Teacher Self-Assessment: A Facilitative Process for Principal Instructional Support

dc.contributor.advisorFreiberg, H. Jerome
dc.contributor.committeeMemberLee, Mimi Miyoung
dc.contributor.committeeMemberWarner, Allen R.
dc.contributor.committeeMemberConyers, James L.
dc.creatorAllen, Charles E., Jr.
dc.date.createdMay 2017
dc.date.submittedMay 2017
dc.description.abstractBackground: Currently, junior high school teachers are evaluated by administrators using summative assessment methods. There is an absence of teacher self-assessment in the evaluation process and rarely are students directly part of the feedback process. There is a need for teachers to be empowered in the evaluative process by receiving meaningful student feedback and participating in effective self-assessment with a facilitative administrator. Purpose: This exploratory case study provides data using the Person-Centered Learning Assessment (PCLA), with four experienced junior high school teachers with and without instructional support. PCLA usage included classroom digital audio, student narrative, and numerical feedback of the same lesson, with teachers self-assessing their teaching and students’ learning perspective. The teachers analyzed their results using the PCLA. The research identified changes between two separate teaching lessons. The study analyzed possible variations of results. The research data has the potential to be used to assist teacher evaluation and pedagogical improvement. Methods: Four participating teachers audio recorded their classroom instruction, received feedback from students, and self-assessed using the PCLA on two occasions. Using these three points of data, the teachers wrote reflection summaries and were interviewed by the researcher after each PCLA lesson. Carspecken’s interview protocol and critical ethnography methods were used for analysis. The researcher, also a campus assistant principal, provided instructional support to two of the teachers. Results: The four teachers had individual approaches in organizing their PCLA survey to meet their needs. The various tactics did not limit the feedback that each teacher received from students nor did it limit self-reflection. The results suggest the value of audio recording in self-assessment, student feedback, and the administrator in the role of facilitator. Conclusion: This study revealed the significance of teachers hearing directly from their students and self-assessing their own learning, using real-time data.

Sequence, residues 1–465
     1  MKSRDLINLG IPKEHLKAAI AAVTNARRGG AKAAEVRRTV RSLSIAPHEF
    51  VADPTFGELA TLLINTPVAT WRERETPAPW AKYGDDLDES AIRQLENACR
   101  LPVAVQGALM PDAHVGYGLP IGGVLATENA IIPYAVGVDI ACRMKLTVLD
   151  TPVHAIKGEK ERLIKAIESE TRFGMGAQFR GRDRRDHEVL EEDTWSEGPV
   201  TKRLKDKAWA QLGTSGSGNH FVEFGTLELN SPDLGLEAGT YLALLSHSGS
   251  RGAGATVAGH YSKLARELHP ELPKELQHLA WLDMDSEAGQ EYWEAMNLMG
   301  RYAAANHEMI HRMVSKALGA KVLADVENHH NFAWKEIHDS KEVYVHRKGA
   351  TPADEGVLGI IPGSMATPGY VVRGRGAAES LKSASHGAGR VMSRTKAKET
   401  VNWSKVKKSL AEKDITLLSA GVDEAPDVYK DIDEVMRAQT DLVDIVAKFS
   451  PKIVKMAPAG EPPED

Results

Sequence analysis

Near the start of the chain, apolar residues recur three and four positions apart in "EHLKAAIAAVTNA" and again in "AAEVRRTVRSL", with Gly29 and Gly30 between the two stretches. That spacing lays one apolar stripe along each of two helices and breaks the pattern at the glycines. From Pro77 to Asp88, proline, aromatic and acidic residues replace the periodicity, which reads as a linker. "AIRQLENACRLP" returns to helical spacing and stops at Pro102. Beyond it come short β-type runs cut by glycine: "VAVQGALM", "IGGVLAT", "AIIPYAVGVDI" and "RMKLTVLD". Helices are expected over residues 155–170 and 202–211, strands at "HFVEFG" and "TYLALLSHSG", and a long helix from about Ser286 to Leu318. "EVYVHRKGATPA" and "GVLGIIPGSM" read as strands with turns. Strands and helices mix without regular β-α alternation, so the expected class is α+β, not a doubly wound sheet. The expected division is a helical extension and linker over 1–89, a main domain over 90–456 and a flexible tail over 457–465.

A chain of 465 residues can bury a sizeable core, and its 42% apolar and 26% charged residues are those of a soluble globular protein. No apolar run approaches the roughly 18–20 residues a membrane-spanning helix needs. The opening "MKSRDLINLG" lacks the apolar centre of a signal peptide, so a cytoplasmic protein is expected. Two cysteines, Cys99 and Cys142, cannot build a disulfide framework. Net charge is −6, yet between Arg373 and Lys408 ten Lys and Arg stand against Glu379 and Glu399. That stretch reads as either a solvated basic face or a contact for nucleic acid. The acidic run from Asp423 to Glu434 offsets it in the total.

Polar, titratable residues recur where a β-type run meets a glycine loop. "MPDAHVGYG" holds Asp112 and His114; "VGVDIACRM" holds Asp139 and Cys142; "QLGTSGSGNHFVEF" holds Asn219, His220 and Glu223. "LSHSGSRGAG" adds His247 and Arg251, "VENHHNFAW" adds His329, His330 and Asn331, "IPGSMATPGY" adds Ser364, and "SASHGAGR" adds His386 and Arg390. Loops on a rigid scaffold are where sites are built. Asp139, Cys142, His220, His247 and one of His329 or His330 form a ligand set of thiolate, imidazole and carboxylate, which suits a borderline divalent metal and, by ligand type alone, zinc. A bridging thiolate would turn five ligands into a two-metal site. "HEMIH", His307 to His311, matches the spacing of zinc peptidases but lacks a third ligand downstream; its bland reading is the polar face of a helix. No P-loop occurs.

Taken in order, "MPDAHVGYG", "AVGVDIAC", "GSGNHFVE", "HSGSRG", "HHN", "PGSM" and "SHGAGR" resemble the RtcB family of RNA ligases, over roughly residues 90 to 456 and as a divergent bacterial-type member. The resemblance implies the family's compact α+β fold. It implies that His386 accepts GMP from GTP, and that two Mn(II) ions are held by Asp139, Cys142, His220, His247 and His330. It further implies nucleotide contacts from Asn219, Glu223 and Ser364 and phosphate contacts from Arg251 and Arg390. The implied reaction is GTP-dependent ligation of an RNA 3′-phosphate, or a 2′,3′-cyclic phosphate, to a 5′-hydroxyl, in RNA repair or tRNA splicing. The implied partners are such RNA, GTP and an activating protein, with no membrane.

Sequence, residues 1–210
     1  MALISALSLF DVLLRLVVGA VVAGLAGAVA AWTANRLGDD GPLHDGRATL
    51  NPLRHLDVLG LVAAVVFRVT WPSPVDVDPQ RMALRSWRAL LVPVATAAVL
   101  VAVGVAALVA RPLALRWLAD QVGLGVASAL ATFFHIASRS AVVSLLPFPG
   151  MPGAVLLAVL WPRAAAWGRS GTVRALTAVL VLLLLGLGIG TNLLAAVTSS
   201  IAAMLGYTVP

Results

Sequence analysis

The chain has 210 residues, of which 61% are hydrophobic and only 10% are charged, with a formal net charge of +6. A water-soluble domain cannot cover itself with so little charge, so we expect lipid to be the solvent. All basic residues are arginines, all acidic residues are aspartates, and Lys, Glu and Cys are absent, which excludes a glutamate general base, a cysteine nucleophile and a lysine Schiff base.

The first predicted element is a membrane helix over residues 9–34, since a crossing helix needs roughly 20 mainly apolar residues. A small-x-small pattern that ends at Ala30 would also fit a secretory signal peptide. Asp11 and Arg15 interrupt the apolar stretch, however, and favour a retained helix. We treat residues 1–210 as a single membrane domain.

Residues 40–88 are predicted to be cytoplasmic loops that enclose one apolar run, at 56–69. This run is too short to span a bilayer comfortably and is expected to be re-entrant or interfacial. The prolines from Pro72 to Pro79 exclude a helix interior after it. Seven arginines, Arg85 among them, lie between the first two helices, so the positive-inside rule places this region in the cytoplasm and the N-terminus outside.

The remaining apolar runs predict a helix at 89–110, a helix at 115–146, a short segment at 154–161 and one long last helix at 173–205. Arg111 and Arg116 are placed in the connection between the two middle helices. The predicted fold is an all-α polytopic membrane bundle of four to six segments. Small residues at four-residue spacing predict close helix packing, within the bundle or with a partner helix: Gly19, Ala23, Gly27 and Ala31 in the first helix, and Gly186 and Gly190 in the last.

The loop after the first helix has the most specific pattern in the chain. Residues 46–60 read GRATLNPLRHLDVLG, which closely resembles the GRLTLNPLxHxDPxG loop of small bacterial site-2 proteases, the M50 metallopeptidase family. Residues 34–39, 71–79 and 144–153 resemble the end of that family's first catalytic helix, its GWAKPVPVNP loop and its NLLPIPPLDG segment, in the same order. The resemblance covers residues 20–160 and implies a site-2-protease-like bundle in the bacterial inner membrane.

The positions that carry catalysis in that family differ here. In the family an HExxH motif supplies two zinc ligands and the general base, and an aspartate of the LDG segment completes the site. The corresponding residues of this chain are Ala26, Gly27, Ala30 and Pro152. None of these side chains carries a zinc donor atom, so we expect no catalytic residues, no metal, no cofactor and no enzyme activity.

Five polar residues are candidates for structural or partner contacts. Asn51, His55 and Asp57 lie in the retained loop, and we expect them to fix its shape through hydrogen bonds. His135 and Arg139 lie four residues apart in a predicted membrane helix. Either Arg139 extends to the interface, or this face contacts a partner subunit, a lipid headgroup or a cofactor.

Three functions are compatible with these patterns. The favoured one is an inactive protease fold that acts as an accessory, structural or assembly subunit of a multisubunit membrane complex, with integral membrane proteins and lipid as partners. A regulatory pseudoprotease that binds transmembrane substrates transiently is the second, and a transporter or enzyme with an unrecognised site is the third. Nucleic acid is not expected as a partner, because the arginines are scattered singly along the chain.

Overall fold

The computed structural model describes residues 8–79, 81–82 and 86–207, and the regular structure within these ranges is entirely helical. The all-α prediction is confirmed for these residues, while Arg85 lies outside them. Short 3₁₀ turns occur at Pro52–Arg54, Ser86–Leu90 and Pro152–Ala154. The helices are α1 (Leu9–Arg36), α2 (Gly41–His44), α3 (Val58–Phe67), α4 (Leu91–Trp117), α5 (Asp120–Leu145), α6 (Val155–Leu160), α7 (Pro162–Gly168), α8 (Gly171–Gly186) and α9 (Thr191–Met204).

dc.description.departmentCurriculum and Instruction, Department of
dc.format.digitalOriginborn digital
dc.rightsThe author of this work is the copyright owner. UH Libraries and the Texas Digital Library have their permission to store and provide access to this work. Further transmission, reproduction, or presentation of this work is prohibited except with permission of the author(s).
dc.subjectTeacher Self-Assessment
dc.subjectTeacher Self-Reflection
dc.subjectStudent Feedback
dc.subjectPerson Centered Learning Assessment
dc.subjectAffective Instruction
dc.titleTeacher Self-Assessment: A Facilitative Process for Principal Instructional Support
thesis.degree.collegeCollege of Education
thesis.degree.departmentCurriculum and Instruction, Department of
thesis.degree.disciplineCurriculum and Instruction
thesis.degree.grantorUniversity of Houston
thesis.degree.nameDoctor of Education


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